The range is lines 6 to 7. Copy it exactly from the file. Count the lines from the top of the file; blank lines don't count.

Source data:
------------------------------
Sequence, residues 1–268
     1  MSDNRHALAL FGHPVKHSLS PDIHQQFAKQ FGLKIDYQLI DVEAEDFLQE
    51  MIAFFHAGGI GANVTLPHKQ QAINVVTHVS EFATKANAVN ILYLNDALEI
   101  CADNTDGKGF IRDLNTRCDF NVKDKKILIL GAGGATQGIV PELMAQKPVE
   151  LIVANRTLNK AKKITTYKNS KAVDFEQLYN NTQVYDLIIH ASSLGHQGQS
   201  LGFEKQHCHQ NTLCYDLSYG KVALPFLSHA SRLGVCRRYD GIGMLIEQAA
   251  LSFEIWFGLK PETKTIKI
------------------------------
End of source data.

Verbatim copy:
   201  LGFEKQHCHQ NTLCYDLSYG KVALPFLSHA SRLGVCRRYD GIGMLIEQAA
   251  LSFEIWFGLK PETKTIKI